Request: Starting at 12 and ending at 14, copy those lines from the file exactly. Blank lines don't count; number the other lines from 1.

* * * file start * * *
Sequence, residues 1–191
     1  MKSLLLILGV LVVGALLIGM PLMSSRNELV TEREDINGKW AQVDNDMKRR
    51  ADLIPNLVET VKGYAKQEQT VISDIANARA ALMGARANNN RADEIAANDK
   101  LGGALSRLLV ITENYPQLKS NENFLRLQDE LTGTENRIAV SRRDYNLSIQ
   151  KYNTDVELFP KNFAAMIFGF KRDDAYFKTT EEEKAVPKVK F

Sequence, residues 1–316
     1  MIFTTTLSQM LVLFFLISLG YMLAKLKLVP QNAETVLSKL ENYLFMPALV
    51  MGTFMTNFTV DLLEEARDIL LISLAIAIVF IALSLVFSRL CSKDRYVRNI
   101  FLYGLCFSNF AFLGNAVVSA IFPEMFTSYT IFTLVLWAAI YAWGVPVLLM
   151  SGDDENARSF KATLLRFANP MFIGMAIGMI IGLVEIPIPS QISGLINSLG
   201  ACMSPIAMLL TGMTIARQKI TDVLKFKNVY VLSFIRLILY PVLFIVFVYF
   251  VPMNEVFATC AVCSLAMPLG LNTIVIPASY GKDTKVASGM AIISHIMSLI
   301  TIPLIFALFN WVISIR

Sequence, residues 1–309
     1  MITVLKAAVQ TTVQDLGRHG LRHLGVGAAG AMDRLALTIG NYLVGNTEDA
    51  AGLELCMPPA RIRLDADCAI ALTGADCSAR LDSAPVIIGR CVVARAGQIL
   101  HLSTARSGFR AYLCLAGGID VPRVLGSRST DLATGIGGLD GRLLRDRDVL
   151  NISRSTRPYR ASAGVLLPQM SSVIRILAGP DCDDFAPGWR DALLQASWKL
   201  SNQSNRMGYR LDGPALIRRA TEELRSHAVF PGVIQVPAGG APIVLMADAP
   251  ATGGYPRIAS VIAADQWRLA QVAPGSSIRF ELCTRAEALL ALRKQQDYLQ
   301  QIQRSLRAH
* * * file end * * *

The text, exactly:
   251  VPMNEVFATC AVCSLAMPLG LNTIVIPASY GKDTKVASGM AIISHIMSLI
   301  TIPLIFALFN WVISIR

Sequence, residues 1–309